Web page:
Facebook Rules

When television emerged as a fledgling medium in the middle years of the last century, it already had, in the form of the Federal Communications Commission, the Communications Act of 1934, and various other laws and precedents, a framework for regulating its content. The formal restrictions on the broadcasting of obscene, indecent, profane, prurient, and violent material, combined with the sensitivities of mainstream advertisers, defined the boundaries of Prime Time television through the fifties, sixties, and much of the seventies — until the spread of cable programming changed everything.

When the internet emerged as a medium in the 1990s, it was free of any such regulatory framework restricting its content. Indeed, an anything-goes ethos was as essential to the nature and ideals of the net as the family-friendly ethos was to the nature and ideals of TV during its formative decades. The net, in other words, escaped the sanitized Prime Time phase.

Or did it?

Today, Facebook released a set of “content guidelines for monetization” that might have been written by FCC bureaucrats in the 1950s. Among other things, the Facebook rules prohibit or restrict:

  • “Content that depicts family entertainment characters engaging in violent, sexualized, or otherwise inappropriate behavior, including videos positioned in a comedic or satirical manner.”
  • “Content that focuses on real world tragedies, including but not limited to depictions of death, casualties, physical injuries, even if the intention is to promote awareness or education.”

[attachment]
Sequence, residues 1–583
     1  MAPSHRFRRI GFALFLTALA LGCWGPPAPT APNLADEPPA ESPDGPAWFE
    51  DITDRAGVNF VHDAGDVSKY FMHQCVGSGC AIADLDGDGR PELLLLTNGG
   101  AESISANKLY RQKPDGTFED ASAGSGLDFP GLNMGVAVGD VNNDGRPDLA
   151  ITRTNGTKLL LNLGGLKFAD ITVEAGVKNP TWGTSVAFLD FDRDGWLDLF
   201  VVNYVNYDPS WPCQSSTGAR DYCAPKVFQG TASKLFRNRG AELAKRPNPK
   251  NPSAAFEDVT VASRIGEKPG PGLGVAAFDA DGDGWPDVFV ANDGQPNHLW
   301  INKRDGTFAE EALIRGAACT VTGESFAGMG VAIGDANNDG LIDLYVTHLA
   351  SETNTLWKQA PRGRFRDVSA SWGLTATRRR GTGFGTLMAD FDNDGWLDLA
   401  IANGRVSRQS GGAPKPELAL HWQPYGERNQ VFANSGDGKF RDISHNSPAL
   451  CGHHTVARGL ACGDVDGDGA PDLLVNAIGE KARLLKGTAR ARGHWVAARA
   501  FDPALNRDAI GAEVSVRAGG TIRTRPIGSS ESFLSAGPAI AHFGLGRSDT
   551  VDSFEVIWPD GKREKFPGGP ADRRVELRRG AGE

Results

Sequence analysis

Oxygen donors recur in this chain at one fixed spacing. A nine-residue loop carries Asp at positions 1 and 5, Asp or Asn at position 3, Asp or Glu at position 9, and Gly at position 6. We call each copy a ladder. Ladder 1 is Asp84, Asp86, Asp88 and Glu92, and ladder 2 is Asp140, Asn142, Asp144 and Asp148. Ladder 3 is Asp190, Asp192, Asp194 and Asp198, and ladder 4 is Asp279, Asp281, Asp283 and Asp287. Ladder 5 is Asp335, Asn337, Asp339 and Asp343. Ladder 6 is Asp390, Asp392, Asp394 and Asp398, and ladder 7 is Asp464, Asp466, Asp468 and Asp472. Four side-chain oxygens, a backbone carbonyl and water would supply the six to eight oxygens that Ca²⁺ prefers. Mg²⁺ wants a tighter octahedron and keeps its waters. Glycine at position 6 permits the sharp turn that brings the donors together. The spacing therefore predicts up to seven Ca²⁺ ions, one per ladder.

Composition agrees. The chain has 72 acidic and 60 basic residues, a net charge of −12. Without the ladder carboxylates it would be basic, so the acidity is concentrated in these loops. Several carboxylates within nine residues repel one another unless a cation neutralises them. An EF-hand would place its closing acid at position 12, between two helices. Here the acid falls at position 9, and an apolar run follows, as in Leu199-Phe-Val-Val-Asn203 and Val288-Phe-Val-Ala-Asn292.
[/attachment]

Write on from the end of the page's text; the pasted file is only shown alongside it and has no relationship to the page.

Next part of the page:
• “Content that is incendiary, inflammatory, demeaning or disparages people, groups, or causes.”
  • “Content that is depicting threats or acts of violence against people or animals, [including] excessively graphic violence in the course of video gameplay.”
  • “Content where the focal point is nudity or adult content, including depictions of people in explicit or suggestive positions, or activities that are overly suggestive or sexually provocative.”
  • “Content that features coordinated criminal activity, drug use, or vandalism.”
  • “Content that depicts overly graphic images, blood, open wounds, bodily fluids, surgeries, medical procedures, or gore that is intended to shock or scare.”
  • “Content depicting or promoting the excessive consumption of alcohol, smoking, or drug use.”
  • “Inappropriate language.”

I’m not sure Petticoat Junction would have made it through that gauntlet.

Rather than being imposed by government fiat, Facebook is imposing these content restrictions on itself in response to growing public concerns about the net’s anything-goes ethos and, in particular, to advertisers’ growing worries about what Facebook VP Carolyn Everson terms “brand safety.” The fact that the rules allow little or no room for editorial judgment — is this image exploitative or journalistic? — reveals what happens when a tech firm becomes a media hub.

Some will welcome the sweeping new restrictions on content. Others will be appalled. What they make clear, though, is that the internet, as most experience it, has entered a new era, spurred by the consolidation of traffic into a handful of sites and apps run by companies whose fortunes hinge on their ability to keep advertisers happy. The internet is reliving the history of television, but in reverse. First came Anything Goes. Now comes Prime Time.

Image: George Carlin, circa 1972.